Pataki approves rail property tax cuts
(The following article by Eric Durr was posted on The Business Review’s website on January 31.)
ALBANY, N.Y. -- New York Gov. George Pataki has approved legislation slashing railroad property taxes by 45 percent.
Approval of the legislation removes a roadblock to construction of a second rail line along the CSX right-of-way between the Rensselaer Rail Station and Schenectady. Completion of a second line is considered critical to implementing high-speed passenger rail service on the Empire Corridor that runs from Niagara Falls, through Schenectady and Albany, N.Y., to New York City.
On Friday, the governor announced that he had signed the "rail infrastructure investment act of 2002" into law.
The legislation reduces railroad property taxes by about 45 percent by changing the way the property is taxed. The legislation also exempts railroad capital improvements from local taxation for 10 years.
To compensate for revenue lost to local governments and school districts, the bill requires the state to set aside $70 million to be paid out to these entities over a 10-year period. Local governments will get $4.7 million in 2003 to 2004.
At the end of that time, these taxing entities would have to find other ways to make up for revenue they're no longer collecting from railroad property.
The measure has been proposed by the Governor for the past two years.
"We fought for this initiative because we know how important it is to our efforts to continue spurring economic growth and job creation in upstate New York," Pataki said. "This measure will encourage the expansion of new rail lines across the State -- a key factor in economic growth and expansion -- helping to bolster our efforts create new jobs from Buffalo to Binghamton, and from to Albany to Auburn."
Locally, the new law paves the way for major improvements at CSX's Selkirk railyard, and on the tracks that run along the Hudson River, said John Casellini, CSX's resident vice president in New York.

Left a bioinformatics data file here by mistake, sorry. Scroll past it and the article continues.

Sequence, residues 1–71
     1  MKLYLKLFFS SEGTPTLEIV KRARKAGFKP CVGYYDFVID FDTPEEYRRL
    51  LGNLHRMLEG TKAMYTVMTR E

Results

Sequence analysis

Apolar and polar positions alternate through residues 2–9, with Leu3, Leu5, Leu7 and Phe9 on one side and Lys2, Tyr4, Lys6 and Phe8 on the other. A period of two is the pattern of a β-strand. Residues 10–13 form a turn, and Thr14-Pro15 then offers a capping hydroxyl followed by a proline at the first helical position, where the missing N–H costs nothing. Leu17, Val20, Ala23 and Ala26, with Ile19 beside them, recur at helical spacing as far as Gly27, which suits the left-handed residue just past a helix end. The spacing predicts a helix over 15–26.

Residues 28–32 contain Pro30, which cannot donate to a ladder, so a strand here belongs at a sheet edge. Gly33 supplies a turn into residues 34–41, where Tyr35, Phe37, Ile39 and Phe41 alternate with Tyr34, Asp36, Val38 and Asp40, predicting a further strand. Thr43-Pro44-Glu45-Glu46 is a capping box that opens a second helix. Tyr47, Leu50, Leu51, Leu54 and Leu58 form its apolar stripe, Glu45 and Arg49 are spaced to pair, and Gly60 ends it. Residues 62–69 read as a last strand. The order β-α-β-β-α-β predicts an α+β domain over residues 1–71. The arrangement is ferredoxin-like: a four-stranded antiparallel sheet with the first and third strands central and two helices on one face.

New York's higher property taxes made it harder for CSX's New York operations to win corporate capital for improvements, Casellini said.
The tax break law also removes CSX's major objection to plans to lay down a second track on the Schenectady to Rensselaer route. While New York state and Amtrak were to pay for the second track, CSX would have been left paying property taxes on the improvements, Casellini said. CSX agreed to allow the construction if the rail property tax break went through, he said.
But while CSX has dumped its objections to the second rail line, Amtrak officials say they can't afford to build the second track now. It would cost about $28.7 million to install the 18-miles of track along the route.
CSX Corporation President Michael J. Ward praised Pataki for pushing for the legislation. "Governor Pataki has completed the effort he began to open the door welcoming railroad investment and activity back into New York," Ward said. "This action signals a renewed and vital partnership between the State and CSX that will result in increased opportunities for economic development and growth."
Norfolk Southern Corporation Chairman, President and CEO, David R. Goode, also promised that the change in tax policy would spark future investment by his railroad.
The Norfolk Southern Railroad took control of lines in the southern part of the state which were originally held by the Pennsylvania Rail Road. CSX now owns the tracks once operated by the New York Central.
Business Council of New York State President Daniel Walsh, said the new law will "provide for greater enhancements in freight and passenger rail infrastructure."
Historically, property taxes on railroads, specifically in upstate New York, have stymied railroad expansion and rail service preservation, a key factor in creating and retaining jobs, Pataki said.
The initiative will simplify and modernize the method of assessing rail properties for local taxation and exempt all new capital improvement projects that have been approved by the state Department of Transportation from property taxation for 10 years from the date of completion.
Monday, February 3, 2003
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